Fence building help

I'm getting ready to build a fence around my yard. I'm looking for advice/resources about how to sink the fence posts in the ground, IE, how deep, use sand, gravel, cement, etc. Where to go for help?
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http://www.diydoctor.org.uk/projects/posts.htm
Matthew Reed wrote:

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Matthew Reed wrote:

Depends on lots of factors.
What type of fence? 4' tall chain link takes less load than 6' solid wood privacy fence.
What's the climate? Further north has more problems with frost heave
What's the soil type? Sandy soil will give more than clay soil.
A good rule of thumb is 2' deep and 3x diameter of post. Add/subtract to accomodate for the above factors.
Checkout http://www.hometime.com/Howto/projects/fence.htm for more info.
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Wood panel fence, 6' high. I'm using 4x4x8 posts, pressure treated, ground contact. It looks like I should dig a 12" hole 2 feet deep, place posts, fill with concrete.
Any suggestions on whether I should go 8' apart versus 6'? 6' I understand gives stronger fences, is 8' apart good enough? Oh, I live in Lebanon, Oregon, mid Willamette Valley. It barely freezes in the winter, and snow is quite rare. Soil is fairly rich loam, this area used to be river bottom. Ground water level in winter rises to about 6' or so - enough that every 10 years or so our basements will start to take on water because of the high ground water. A month or so ago, the water in my well was at 9'. I'm going to take a reading today and see where it is.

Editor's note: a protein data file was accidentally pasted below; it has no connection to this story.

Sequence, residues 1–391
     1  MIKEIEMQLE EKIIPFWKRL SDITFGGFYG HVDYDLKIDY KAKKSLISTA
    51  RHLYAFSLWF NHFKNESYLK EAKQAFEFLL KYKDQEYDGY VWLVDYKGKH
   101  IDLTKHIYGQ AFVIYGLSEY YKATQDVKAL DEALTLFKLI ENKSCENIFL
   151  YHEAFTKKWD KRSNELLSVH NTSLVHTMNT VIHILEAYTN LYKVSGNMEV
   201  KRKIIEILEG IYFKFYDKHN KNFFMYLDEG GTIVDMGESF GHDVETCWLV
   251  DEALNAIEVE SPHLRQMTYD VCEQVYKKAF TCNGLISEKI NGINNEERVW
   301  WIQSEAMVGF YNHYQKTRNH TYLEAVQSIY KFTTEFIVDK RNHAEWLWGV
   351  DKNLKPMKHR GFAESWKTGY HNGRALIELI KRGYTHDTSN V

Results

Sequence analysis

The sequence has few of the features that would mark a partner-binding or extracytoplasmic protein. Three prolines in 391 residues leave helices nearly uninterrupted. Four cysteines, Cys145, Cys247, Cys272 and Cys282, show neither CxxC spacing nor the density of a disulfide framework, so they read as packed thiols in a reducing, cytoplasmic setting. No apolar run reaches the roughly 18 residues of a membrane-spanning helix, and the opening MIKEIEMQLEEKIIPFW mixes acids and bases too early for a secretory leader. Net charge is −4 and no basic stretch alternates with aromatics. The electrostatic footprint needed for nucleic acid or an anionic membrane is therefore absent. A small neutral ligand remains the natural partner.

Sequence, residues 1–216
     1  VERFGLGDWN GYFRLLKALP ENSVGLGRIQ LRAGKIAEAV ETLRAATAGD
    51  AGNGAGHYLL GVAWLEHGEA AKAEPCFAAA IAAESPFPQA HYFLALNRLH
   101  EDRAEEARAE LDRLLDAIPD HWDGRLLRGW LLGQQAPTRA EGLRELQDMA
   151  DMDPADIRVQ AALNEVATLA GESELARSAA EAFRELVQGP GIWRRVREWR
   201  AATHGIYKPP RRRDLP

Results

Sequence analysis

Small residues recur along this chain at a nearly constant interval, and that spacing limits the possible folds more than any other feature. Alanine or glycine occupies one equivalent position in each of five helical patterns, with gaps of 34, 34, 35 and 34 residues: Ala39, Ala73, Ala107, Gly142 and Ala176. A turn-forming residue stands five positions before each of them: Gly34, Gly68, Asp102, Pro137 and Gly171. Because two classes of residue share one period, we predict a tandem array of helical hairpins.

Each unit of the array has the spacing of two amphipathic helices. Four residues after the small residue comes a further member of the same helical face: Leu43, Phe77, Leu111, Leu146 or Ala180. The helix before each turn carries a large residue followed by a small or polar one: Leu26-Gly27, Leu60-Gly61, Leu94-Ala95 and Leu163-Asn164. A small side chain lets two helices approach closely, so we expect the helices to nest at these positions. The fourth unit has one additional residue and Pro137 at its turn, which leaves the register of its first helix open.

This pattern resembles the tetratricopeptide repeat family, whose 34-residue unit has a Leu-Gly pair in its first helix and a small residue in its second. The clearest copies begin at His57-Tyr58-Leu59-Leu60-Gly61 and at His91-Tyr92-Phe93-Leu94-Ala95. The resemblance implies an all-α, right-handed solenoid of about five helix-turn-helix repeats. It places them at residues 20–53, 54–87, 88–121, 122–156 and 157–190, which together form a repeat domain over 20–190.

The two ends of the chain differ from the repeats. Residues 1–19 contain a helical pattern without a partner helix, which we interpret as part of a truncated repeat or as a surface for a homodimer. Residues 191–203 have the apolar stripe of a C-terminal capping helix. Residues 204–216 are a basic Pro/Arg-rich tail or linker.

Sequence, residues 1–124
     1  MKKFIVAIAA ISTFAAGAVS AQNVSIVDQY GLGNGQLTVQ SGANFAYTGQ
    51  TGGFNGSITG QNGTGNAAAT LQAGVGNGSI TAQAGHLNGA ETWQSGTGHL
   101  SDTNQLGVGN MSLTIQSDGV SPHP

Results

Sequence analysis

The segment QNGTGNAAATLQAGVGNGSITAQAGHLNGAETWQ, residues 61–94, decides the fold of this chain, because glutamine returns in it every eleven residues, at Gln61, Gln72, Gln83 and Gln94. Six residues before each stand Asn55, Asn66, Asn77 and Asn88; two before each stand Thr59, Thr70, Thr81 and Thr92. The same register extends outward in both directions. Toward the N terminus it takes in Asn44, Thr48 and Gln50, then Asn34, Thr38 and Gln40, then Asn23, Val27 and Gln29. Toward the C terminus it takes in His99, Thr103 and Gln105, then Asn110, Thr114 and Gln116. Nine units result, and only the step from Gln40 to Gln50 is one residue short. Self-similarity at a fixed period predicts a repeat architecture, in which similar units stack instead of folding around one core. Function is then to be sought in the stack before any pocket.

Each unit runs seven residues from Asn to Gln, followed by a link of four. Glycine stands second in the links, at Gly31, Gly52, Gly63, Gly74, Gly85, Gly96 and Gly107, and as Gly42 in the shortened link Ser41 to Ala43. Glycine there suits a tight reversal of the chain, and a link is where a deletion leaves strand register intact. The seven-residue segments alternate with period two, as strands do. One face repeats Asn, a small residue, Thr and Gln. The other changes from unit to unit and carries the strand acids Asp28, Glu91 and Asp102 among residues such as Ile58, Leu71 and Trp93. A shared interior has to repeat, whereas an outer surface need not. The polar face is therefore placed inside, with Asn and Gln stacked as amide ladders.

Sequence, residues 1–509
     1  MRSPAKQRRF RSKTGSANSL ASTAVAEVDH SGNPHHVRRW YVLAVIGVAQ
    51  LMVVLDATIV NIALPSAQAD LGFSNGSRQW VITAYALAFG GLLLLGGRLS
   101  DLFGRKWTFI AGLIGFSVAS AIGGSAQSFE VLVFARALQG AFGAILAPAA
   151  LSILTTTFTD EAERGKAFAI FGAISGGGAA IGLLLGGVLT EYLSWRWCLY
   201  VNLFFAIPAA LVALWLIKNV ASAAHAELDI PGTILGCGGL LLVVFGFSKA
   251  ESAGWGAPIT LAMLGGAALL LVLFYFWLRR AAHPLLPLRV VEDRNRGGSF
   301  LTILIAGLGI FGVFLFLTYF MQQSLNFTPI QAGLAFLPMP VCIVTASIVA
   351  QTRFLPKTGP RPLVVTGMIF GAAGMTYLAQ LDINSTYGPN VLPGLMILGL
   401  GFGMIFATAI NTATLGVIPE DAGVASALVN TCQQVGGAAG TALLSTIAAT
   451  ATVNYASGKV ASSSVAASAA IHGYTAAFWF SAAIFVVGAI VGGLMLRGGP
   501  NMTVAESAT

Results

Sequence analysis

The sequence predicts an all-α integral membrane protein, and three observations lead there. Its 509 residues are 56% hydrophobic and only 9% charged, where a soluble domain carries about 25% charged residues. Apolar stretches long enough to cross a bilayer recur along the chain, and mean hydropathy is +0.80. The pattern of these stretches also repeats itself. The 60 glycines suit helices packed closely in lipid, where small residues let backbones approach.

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Matthew Reed wrote:

8' obviously requires less work.
6' is sturdier.
Consider the wind.
If you go with 8', pay particular attention to sagging. I'd put diagonal 2x4s to brace the top runner. Even so, the diagonal has to be cheaper and easier than 25% more posts.
Also, for me, I'd use metal posts. Cheaper, smaller holes to dig, less concrete, last longer, easier to replace, variety of brackets to attach various things.